The designers next needed to determine the size and proportion of the new solar cooker. We considered the food containers that they were presently using over the cook fires. They were dark earthenware, further blackened by the fire, somewhat heavy, and varied in shape, some being low and wide while others were taller than wide. We decided that the low, wider pots would absorb more sunlight and therefore work best in the solar cooker. The team figured the average family size, the number of courses of food required, including weaning food for the children, and determined the necessary size of the cooker -- approximately two by three feet and eight inches deep. The cookers were designed to be just deep enough to accommodate the cookware. Cookers that are deeper than necessary have more surface area through which to lose heat and therefore do not cook as efficiently.
For people to design good solar ovens, they must have a clear understanding of how the heat gets to the food. In most solar ovens, the food is simultaneously heated from the top and bottom. The sunlight heats the tops of the food containers. The tops radiate heat down to the food in the container. The sunlight is also absorbed by the dark conductive plate at the bottom of the solar oven. The heat is conducted through this metal plate to the bottoms of the food containers. If the oven is filled with containers, most of the cooking is done from the top. If there are only one or two containers of food, more heat is conducted to the bottoms of the containers through the dark absorber plate.
We discussed the possibility of adding more thermal mass -bricks, tiles, or stones. Additional mass would extend the afternoon cooking further into the evening. To achieve this, the oven would require more time to heat up at the beginning of the day. The designers decided that the evening meal was early enough so additional mass would not be required.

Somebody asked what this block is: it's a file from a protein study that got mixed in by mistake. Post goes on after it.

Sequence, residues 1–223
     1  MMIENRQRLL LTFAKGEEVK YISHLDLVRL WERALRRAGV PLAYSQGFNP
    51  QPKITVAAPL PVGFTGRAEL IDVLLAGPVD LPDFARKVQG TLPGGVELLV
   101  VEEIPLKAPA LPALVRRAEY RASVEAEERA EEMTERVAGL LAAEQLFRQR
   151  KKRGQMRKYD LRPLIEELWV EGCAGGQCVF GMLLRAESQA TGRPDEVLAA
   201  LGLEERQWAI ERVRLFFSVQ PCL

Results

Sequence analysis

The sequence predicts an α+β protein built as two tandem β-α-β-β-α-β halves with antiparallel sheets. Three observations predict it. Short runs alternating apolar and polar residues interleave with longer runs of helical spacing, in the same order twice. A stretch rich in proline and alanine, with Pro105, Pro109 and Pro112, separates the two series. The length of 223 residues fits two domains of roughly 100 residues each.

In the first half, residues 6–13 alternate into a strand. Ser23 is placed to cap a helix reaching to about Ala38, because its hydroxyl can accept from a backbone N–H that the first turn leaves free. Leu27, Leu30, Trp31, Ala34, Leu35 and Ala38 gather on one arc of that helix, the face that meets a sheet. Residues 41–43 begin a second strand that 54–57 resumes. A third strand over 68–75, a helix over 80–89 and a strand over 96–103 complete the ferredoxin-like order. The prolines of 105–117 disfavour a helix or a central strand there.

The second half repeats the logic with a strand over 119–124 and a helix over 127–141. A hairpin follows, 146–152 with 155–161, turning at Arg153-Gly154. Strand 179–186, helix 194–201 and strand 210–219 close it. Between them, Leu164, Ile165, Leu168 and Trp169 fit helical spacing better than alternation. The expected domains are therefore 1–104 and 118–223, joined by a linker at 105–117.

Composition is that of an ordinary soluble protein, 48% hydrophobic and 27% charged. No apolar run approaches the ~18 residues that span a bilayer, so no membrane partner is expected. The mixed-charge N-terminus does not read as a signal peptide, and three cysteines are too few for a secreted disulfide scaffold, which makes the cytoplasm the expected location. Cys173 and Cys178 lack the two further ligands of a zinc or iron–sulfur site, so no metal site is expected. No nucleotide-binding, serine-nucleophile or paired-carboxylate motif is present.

The proportion of the cooker is also a design factor that affects how often the cooker must be adjusted to face the sun. The longer the east/west axis of the cooker compared to the north/south axis, the less often the cooker must be adjusted to face the sun. This factor was not critical since someone was home in most households for a good part of the day doing other necessary work. They were there and able to adjust the cooker every two hours or so.
Access to the food was another design consideration. Although it involved extra construction work, the design group decided on a door on the front of the oven for ease of access to the food. Top access would have been more difficult and would have increased the risk of glass breakage and possible injury to children. Furthermore, it was easier to keep air leakage at a minimum with an oven door compared to access from the top.
Next, we discussed the options for maximizing the cooking temperatures by bouncing more sunlight into the chamber with a reflector. The team could see that the reflector was particularly effective later in the day when the sun was at a low angle.
Another consideration was the placement of the cooker. Most of the women were interested in having the cooker on a table in the courtyard, near enough to the cook fire or wood cookstove so that food preparation could all be done in the same area. They cook the vegetables, bread, and time - and energy -intensive beans in the solar oven. The tortillas are prepared over the fire in the early morning and early evening. The meals have more courses and less of the scarce wood fuel is used. Many households, that before solar cooking had no way to bake, now enjoy breads on a regular basis.
Building on the successes of the solar cooking, the people are considering other ways they can make use of the sun. Typically, coffee is spread out on stone or concrete slabs to dry in the sun. The solar designers are considering the application of solar grain drying techniques to drying coffee. Traditionally, domestic water has been heated over the wood cookfires. The designers are considering dark containers on the roofs in the sun to provide gravity-fed running hot water. At night, especially higher in the hills, the homes become quite cold. People are sketching out plans for solar window placement and grass insulation in the walls to keep the homes warmer at night.For more information, contact Mark Aalfs at email@example.com